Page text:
Why Prune Roses in Winter?
Winter in Australia is the perfect time to prune roses, as they are dormant. Pruning is simply defined as trimming back a plant or shrub. It helps to reduce disease, improves air circulation, allows more light in and encourages new growth, so your roses will look better than ever next season!
It’s easy to become nervous about pruning your rose bushes, especially when you see the result. However, this will be the perfect time to trust the process, and by the time you’ve read this blog, you’ll have the skills and confidence to prune your favourite roses and enjoy the new season of blooms ahead.
Roses are some of the most beautiful flowers in the world! They have been used, admired and celebrated around the globe for centuries and continue to grow in popularity, especially with all the amazing new cultivars being bred. With thousands of years of roses comes hundreds of opinions on rose pruning, but it doesn’t need to be a complex or tedious task. Before we start any pruning, it is important to ensure your tools are sharp and clean to prevent any damage to the plant and the spread of disease. All you’ll need to prune your roses is a good pair of garden gloves to protect your hands from the spikes and some secateurs. We would also suggest covering your arms as much as possible with a long-sleeved shirt – just in case!
Remove the dead, damaged or diseased
The first step in pruning roses is to remove any stems that are dead, damaged or diseased. The dead stems serve absolutely no purpose, and the damaged and diseased stems not only look bad, but they can invite infection and disease into the rest of your rose.
The second step is to remove any spindly stems that are less than the thickness of a pencil, because at the end we want to be left with a strong framework to support next season's growth.
As an extra precaution, you should also remove any stems crossing over, like this one. The reason we do this is because the stems can rub against one another, causing a wound that will create a weak spot, which can lead to infection or disease.
See below an image of crossed over stems that need to be removed.
Cut back to increase airflow and sunlight
The third step is to improve the amount of airflow and sunlight that gets to the centre of your rose. Roses are known for getting all sorts of fungal diseases like black spot and powdery mildew, but by allowing more sunlight and airflow into your rose plant, you will significantly reduce the risk of infection.
We do this by removing any inward-growing stems, any stems very close to each other or any clogging up the centre of the plant. Ideally, you want to be left with three to seven strong upright stems with nice even spacing.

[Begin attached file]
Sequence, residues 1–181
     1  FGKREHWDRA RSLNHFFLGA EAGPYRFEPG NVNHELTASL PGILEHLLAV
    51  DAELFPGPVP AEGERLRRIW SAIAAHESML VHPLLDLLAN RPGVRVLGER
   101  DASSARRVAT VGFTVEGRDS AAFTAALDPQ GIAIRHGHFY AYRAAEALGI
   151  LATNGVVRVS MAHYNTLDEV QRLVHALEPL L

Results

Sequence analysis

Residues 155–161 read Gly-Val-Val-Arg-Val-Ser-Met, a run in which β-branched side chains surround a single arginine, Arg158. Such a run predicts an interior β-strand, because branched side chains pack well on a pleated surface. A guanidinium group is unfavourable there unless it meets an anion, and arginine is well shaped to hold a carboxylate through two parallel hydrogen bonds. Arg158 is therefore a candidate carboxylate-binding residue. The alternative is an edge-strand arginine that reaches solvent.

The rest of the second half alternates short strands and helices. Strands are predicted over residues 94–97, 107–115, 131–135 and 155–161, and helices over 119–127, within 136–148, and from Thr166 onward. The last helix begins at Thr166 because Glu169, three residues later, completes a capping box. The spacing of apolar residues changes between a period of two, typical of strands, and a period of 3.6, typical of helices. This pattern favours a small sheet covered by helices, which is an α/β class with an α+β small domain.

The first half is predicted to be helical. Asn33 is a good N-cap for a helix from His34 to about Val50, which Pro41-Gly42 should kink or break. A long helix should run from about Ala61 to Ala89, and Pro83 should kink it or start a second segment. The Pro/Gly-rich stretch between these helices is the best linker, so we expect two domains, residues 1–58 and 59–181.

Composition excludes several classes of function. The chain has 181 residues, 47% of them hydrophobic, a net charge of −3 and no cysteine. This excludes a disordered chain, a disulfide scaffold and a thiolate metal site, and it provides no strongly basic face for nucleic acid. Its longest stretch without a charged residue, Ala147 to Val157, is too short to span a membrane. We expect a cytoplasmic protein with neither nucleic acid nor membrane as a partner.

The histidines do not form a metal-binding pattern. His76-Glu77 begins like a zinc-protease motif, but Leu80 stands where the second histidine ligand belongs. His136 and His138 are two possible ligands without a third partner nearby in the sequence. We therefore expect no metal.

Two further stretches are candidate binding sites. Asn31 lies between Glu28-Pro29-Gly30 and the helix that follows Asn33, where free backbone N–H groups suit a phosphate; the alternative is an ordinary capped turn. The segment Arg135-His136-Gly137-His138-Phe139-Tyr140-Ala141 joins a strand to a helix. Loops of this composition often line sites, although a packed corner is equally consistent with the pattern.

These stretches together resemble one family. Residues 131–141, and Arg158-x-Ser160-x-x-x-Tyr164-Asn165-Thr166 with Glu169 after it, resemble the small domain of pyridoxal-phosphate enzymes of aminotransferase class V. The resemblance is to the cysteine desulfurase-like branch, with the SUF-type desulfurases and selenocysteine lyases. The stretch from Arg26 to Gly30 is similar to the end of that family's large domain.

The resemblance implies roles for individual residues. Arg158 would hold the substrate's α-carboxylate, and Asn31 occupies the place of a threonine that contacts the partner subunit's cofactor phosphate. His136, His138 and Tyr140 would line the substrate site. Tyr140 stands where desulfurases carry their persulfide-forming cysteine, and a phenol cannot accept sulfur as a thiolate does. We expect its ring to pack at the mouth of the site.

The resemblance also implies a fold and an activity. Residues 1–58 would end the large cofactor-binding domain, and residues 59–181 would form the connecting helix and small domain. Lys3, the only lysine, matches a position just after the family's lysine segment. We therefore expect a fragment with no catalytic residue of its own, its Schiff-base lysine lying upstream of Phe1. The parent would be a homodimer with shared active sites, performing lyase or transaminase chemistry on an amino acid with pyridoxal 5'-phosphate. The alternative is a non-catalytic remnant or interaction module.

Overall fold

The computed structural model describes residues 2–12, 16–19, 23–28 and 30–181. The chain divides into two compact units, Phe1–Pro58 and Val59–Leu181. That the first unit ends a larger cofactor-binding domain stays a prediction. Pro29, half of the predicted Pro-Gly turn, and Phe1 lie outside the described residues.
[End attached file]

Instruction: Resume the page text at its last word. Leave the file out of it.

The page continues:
Cut it down to size
Now it’s time to cut the rose down to a height of around 400-500mm off the ground or roughly knee height. If you have a lot of damaged or diseased stems, you can go even lower to make sure they are removed. I know what you’re thinking; nothing will be left of it! Don’t worry, this method will make sure your roses grow back again and again.
When pruning, make sure you cut about 5mm above a bud. The reason we do this is because, if we prune too close to the bud, it will create a weak point for the new stem to grow off and you could lose that whole stem to winds or heavy rain. If you prune too far away from the bud you will be left with little lengths of dieback that, frankly, look horrible.
We also want to prune to an outward-facing bud as the new stems will grow outwards and up. This creates a vase-like shape, which helps increase the amount of airflow and gives us an empty centre to let in more sunlight.
Pest and Disease Control
Now all the pruning is done, the last step is to give your roses a good spray with lime sulphur. Lime sulphur is a fantastic way to kill off any pests or disease, so your rose has a completely fresh start come spring. Be careful, though, as this stuff absolutely stinks and will stain any clothes it touches. Ensure you take adequate safety measures by using personal protective equipment. A mask, a pair of gloves and some old clothes, as a starting point, just to be safe.
What happens next?
After you've pruned, all that's left to do is wait for Spring! By the time Spring rolls around, you can expect new growth and some beautiful roses to enjoy once again.
It’s as simple as that! Now you’re a rose pruning expert and will have strong, healthy roses throughout the warmer months. If you’re eager to see some rose pruning in action, you can check out our video with Ben by clicking here.